Fred’s Gardening Tips
Lawns and Roses in the month of March
Choose a day when the grass is dry and the weather mild. Disperse worm casts with a broom or besom. Mow with the blades set high. It is better to collect the clippings because if you leave them on the lawn they will clog the grass and cause a loss of air to the roots. Try to keep the lawn weed free. Regular close mowing of lawns restricts the natural development of the grasses. Nutrients are taken up from the soil by the grass when the mowings are collected, and to compensate for this lawns should be fed at least once annually.
The best time to apply a lawn fertiliser is in early Spring when the grass is beginning to grow freely. Best in late March. A single annual dressing of a fertiliser containing nitrogen, phosphate and potash will supply the lawn’s phosphate and potash needs for a season. Applying the fertiliser by hand. Mark out strips of about three feet wide using canes with string between. Apply the product at half the recommended rate working lengthways and repeat working crossways. Avoid overlapping as too high concentrations of fertiliser can damage the turf. You will see a great improvement in the condition of your lawn.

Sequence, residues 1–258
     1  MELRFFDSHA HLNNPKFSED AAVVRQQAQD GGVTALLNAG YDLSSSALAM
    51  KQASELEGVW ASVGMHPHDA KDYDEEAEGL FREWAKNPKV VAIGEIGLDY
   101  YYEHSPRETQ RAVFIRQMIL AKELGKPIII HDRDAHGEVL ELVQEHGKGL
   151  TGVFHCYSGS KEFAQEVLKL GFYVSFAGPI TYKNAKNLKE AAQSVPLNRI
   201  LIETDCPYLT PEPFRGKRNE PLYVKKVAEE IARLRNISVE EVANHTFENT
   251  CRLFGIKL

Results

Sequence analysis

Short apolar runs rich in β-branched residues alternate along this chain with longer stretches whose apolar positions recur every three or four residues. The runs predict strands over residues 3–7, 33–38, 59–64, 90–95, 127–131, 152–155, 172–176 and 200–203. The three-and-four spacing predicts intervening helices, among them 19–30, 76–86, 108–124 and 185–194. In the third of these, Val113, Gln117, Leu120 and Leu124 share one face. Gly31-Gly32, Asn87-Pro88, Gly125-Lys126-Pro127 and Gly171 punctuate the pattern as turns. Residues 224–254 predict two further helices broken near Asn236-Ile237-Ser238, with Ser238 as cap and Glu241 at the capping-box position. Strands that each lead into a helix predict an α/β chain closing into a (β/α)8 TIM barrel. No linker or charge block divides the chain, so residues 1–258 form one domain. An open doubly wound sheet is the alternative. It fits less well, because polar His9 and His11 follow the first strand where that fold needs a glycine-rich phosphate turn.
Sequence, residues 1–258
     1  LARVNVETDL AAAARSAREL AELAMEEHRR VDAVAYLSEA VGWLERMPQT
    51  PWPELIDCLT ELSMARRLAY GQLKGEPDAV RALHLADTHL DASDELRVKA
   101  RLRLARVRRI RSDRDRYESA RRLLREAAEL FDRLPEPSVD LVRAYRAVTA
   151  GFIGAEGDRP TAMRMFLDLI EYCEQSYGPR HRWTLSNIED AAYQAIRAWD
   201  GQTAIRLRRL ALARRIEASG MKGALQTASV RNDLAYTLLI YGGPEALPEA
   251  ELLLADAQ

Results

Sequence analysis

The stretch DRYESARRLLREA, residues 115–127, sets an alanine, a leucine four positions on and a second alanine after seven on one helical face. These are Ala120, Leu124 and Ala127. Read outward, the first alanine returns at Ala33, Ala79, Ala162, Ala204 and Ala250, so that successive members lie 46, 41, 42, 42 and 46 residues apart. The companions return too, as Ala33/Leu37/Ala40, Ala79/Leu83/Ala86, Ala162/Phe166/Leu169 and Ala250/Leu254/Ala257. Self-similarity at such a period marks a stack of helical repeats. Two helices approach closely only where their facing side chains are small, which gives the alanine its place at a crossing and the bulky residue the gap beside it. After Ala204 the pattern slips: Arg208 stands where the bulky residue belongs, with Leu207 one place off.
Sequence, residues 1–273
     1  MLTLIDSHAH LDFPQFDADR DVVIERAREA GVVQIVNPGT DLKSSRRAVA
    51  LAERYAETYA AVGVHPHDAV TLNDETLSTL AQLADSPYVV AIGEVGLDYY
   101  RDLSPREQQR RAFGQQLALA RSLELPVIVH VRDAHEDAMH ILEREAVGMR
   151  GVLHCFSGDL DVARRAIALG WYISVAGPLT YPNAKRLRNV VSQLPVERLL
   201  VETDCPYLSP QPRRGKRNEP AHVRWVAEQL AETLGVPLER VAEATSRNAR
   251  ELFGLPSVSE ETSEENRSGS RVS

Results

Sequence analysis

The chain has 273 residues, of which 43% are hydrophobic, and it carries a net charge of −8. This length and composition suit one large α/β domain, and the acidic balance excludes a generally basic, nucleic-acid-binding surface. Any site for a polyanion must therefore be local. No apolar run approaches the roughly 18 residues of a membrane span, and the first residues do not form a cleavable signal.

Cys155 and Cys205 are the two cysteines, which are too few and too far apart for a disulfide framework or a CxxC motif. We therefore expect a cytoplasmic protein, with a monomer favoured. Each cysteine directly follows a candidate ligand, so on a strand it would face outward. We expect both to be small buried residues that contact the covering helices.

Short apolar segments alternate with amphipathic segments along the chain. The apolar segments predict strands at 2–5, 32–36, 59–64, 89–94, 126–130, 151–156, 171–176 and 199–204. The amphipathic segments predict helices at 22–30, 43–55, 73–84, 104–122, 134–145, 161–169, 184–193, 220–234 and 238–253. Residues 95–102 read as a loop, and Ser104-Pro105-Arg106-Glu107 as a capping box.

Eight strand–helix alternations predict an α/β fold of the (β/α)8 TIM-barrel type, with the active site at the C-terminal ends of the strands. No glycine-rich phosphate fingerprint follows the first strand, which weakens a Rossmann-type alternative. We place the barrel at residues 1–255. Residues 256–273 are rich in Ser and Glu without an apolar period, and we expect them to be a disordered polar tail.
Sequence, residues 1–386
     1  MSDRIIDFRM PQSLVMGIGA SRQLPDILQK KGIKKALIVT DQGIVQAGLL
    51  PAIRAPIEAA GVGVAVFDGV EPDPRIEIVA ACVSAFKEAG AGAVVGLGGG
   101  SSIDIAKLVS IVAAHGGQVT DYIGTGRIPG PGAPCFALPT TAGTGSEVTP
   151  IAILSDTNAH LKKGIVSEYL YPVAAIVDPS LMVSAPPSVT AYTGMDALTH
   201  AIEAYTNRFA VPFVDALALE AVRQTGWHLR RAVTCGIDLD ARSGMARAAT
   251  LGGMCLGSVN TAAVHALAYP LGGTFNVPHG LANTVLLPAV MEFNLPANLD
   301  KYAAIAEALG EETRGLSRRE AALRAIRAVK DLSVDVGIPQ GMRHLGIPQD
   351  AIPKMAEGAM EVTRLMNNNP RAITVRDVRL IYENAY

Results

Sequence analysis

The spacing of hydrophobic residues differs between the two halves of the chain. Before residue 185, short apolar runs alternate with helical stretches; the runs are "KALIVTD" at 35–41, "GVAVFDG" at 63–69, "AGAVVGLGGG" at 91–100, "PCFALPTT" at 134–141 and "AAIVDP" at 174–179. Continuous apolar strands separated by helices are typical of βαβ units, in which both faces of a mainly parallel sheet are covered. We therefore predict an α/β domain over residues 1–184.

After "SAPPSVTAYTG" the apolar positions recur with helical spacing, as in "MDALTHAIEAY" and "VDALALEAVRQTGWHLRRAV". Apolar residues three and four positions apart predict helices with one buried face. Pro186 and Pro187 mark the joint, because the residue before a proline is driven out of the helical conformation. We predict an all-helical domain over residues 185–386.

Pruning roses – early March
Large flowered (hybrid teas), bush roses and floribunda (multiflowered). Remove weak or dead growth first. Cut back strong healthy growths to within three or five buds of the base. Always cut above an outward facing bud. Aim for five stems on each bush. Cut the bushes to about ten inches from the ground. Do not be afraid to cut back hard – they will quickly recover in the same season and produce good flowers. There are different methods of pruning for standard roses and climbing roses. After pruning spray with a fungicide as a precaution against blackspot and mildew. Clear the ground under the roses of any old leaves as these may harbour diseases.